Talking to yourself is usually frowned upon, but soon this might not look quite so strange as you could be talking to your house instead.
The growing Internet of Things (IoT) lets smart products talk to each other, but the Homey also allows you to talk to it – and it can talk back.
You can tell the oven to pre-heat itself, instruct the blinds to close and many more options to make your life easier and much more like the TV cartoon the Jetsons.
In return, the Homey will tell you when you should take an umbrella out and even read you your emails in the morning (if you are that way inclined).
This means it can connect with a range of existing services including Gmail, Spotify, AirPlay and products from Bose, Samsung, Philips and more.
It works by utilising eight different wireless radio modules, including Wi-Fi, Bluetooth 4.0 and NFC, and communicates with them by voice control or by using a smartphone.
The creators are also making an app store so you get apps made by companies with compatible products.
If successful, the Homey could help to create the smarthomes of tomorrow.
The need for the ever-increasing number of smart products to be able to talk to each other – and not be tied to one brand – is a crucial hurdle that needs to be crossed for us to have intelligent homes that can work for us.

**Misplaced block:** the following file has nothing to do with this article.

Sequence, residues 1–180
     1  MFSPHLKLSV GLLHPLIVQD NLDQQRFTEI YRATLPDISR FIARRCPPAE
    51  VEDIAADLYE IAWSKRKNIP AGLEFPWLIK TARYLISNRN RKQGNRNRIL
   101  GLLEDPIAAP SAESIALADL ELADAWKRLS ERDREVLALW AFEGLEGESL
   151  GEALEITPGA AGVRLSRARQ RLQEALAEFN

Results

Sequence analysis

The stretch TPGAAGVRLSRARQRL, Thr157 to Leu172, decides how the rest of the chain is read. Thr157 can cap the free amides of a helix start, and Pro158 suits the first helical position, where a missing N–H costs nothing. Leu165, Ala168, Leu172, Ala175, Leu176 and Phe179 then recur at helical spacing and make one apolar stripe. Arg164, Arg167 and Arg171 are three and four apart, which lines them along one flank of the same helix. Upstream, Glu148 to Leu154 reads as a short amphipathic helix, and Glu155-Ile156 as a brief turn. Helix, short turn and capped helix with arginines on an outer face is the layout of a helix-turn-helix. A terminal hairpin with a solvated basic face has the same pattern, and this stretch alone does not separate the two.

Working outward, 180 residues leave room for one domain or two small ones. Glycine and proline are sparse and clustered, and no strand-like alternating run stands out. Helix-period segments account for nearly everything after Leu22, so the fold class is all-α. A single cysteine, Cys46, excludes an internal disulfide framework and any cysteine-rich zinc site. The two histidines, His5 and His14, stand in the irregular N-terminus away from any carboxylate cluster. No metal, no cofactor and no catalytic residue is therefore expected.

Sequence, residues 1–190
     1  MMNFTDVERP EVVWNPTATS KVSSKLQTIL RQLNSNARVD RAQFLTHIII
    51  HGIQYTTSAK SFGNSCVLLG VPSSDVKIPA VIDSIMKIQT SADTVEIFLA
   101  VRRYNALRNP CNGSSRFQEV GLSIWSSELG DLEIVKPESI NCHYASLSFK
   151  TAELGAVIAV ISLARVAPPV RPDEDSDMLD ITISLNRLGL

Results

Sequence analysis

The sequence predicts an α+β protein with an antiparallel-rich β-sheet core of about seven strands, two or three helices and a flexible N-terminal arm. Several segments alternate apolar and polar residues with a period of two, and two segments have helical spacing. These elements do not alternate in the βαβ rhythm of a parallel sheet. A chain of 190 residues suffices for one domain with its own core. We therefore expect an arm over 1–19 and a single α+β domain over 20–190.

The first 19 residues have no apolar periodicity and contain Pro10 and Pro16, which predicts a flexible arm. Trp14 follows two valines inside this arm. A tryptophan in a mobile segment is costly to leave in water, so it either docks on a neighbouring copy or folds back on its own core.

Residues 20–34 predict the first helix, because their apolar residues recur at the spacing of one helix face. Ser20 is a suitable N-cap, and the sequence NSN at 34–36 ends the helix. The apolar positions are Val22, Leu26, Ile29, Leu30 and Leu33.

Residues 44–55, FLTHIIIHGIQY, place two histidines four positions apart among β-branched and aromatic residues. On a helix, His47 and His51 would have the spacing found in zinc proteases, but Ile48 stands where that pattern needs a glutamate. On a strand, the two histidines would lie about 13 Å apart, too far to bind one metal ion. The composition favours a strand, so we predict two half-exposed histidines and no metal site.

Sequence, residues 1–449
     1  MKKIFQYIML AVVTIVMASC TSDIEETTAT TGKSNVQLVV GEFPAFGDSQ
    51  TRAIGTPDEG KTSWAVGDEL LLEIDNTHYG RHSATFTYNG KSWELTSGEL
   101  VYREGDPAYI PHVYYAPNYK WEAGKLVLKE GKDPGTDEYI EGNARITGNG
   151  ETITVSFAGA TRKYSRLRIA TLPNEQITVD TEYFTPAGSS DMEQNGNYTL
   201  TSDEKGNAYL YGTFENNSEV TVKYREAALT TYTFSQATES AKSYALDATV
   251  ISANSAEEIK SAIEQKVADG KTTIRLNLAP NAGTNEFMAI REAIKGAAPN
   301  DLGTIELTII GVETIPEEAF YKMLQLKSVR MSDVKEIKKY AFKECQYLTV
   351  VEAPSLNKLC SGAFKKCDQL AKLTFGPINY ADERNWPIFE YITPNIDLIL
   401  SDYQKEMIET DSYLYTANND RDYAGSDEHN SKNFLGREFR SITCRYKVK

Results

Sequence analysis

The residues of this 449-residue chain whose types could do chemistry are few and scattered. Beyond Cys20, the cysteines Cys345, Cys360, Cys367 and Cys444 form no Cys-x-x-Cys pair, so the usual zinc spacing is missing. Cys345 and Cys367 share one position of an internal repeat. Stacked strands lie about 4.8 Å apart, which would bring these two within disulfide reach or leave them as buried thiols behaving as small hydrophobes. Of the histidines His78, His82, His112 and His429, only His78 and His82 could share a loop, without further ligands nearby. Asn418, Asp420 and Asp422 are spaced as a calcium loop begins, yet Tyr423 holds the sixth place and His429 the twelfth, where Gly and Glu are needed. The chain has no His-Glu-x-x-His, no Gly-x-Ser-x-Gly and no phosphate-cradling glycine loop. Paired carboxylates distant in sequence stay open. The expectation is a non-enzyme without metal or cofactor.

The product recently popped up on crowdfunding website Kickstarter and is trying to raise €100,000 to help with development.
Its funding pages says: “Whether you’re a businessman, student, grandparent or housewife, Homey is there for you when you need it.
“We want to get technology out of the way so you can focus on what matters most to you, and Homey takes care of the rest.”
The Homey isn’t the first device to be looking to allow you to have a conversation with your house (either verbally or through the IoT) and it faces stiff competition.
Strong rumours have emerged that Apple will announce its plans to enter the home automation market next week at its developer conference.
If Apple does enter the market it could quickly create a near-monopoly due to the number of iPhones and iPads sold in recent years.
The company’s plans were first revealed in a patent from 2012 that connects internet or Wi-Fi products in the home.
Images courtesy of Homey